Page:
2

A specific example is section 2.1.3 of the NVIDIA license agreement: https://www.nvidia.com/en-us/drivers/geforce-license/, from which I quote:

No Sublicensing or Distribution. Customer may not sell, rent, sublicense, distribute or transfer the SOFTWARE; or use the SOFTWARE for public performance or broadcast; or provide commercial hosting services with the SOFTWARE.

So what does it mean for some software to be used for "public performance"?

Hypothetically, say I want to publish a research paper, and I use an NVIDIA GPU to obtain data/results (e.g. training neural networks), and put that data in my paper. Does this count as public performance and violate this agreement?

1
  • Wow. It's illegal to show something in public with your NVIDIA graphics card? Someone call the media because that will be horrible PR. Jun 30, 2021 at 15:41

1 Answer 1

3

"public performance" is a term used in copyright law mostly for music, dance, drama, and audio-visual works, where it means to actually perform the work in front of an audience. For a book it could mean to read the book aloud in front of an audience. It is not largely used for software.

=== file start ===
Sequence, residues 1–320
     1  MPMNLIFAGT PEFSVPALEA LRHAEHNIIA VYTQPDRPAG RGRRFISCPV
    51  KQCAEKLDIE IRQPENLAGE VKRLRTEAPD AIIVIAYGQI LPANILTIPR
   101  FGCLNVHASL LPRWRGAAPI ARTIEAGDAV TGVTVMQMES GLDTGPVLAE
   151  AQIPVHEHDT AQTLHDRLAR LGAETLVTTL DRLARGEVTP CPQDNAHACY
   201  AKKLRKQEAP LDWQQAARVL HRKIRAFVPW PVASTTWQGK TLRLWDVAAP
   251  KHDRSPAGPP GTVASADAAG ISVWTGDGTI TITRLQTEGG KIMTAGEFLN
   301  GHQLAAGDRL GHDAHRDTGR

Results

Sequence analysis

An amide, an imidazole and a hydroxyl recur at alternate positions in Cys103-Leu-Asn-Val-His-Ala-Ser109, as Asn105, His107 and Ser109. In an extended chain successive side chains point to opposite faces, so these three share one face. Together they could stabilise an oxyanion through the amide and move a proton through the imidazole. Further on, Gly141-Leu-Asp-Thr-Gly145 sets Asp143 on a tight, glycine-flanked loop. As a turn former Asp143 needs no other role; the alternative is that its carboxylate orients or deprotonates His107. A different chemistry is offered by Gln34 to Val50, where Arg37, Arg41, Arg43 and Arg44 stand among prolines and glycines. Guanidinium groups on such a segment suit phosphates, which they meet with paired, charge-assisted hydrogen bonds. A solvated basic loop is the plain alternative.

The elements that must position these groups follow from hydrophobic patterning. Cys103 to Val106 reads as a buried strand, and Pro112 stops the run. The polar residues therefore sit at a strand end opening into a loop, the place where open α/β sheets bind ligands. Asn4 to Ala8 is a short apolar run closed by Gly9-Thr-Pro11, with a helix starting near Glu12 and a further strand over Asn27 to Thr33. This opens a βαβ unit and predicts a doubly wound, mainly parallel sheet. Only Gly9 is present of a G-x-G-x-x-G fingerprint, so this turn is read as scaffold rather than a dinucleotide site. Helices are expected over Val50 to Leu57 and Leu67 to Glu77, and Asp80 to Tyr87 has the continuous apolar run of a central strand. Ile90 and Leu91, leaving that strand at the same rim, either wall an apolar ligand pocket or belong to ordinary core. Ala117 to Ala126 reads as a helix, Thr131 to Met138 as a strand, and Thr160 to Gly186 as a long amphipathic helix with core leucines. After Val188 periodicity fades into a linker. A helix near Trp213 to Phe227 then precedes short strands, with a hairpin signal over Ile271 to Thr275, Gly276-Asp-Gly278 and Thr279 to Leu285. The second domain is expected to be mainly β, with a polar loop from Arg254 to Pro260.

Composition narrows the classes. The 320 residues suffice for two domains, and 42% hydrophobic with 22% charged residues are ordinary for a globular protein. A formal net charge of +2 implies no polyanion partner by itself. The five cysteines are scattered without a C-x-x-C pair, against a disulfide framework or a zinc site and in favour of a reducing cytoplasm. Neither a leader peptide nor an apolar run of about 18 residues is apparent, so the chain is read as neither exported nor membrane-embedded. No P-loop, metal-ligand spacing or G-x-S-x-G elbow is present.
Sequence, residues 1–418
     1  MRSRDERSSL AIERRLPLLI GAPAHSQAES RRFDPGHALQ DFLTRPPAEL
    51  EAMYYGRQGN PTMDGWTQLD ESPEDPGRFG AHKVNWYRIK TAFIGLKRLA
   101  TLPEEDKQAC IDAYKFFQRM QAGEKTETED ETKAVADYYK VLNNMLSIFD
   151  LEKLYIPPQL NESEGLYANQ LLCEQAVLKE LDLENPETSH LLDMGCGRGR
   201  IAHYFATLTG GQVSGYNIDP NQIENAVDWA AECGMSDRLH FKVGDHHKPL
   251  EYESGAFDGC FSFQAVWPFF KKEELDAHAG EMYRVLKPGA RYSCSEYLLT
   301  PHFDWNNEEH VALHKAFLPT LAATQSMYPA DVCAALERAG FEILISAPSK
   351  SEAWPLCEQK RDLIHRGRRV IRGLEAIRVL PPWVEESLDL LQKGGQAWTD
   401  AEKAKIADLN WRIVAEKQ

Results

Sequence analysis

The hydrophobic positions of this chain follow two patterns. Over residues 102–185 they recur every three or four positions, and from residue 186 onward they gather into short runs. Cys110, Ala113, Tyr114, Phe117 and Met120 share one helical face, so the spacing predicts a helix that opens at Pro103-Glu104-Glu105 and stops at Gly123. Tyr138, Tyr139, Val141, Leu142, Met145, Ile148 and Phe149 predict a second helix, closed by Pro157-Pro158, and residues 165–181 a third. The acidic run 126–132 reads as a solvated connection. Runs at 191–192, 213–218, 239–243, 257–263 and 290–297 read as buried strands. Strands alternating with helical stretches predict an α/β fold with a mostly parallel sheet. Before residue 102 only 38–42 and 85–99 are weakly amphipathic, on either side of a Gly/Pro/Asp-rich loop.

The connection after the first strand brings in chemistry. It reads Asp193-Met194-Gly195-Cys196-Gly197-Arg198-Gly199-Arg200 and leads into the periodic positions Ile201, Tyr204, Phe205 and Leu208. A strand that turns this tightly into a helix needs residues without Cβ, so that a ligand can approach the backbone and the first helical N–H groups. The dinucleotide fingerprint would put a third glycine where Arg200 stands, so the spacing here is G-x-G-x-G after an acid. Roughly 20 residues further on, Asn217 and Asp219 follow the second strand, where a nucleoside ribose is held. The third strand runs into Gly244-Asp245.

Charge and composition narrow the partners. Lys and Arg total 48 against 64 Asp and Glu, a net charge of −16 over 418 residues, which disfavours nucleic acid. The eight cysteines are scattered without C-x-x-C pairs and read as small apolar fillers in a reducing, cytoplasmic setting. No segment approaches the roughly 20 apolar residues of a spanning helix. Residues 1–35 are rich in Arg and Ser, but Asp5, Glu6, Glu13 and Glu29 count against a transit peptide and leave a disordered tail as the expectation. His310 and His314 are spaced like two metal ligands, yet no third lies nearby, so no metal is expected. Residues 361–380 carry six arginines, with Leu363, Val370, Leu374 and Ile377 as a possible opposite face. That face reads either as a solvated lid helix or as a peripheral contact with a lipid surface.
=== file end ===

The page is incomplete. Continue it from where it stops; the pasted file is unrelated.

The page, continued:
I suppose that demonstrating or running the software in front of an audience would be a public performance. Running the software and using its output in a publication would not be a "public performance" as I understand it. As long as the user has the right to access the software, which normally includes the right to run it, the output may be used with no further or special permission.

5
  • Since the software is a driver for a graphics chip, I imagine that the text is intended to exclude the incorporation of graphics using the driver into the performance of a musical, stage, or audiovisual work.
    – phoog
    Jun 29, 2021 at 22:47
  • @phoog which is an absolutely ridiculous intention and will be a PR disaster as soon as you post it to Reddit or Hacker News. Jun 30, 2021 at 15:41
  • @user253751 not necessarily. The company wants to license performance use under different terms, presumably charging more money. That's their prerogative, and frankly it doesn't bother me if they want to gouge the likes of Disney. I'm sure they won't be policing student projects at the performing arts school (which anyway probably has a different license as an academic institution).
    – phoog
    Jun 30, 2021 at 15:56
  • @phoog The fact it's not enforced doesn't mean it's not absolutely ridiculous and a PR disaster. Jun 30, 2021 at 16:27
  • @user253751 well why don't you post it and see?
    – phoog
    Jun 30, 2021 at 16:41

You must log in to answer this question.

Not the answer you're looking for? Browse other questions tagged .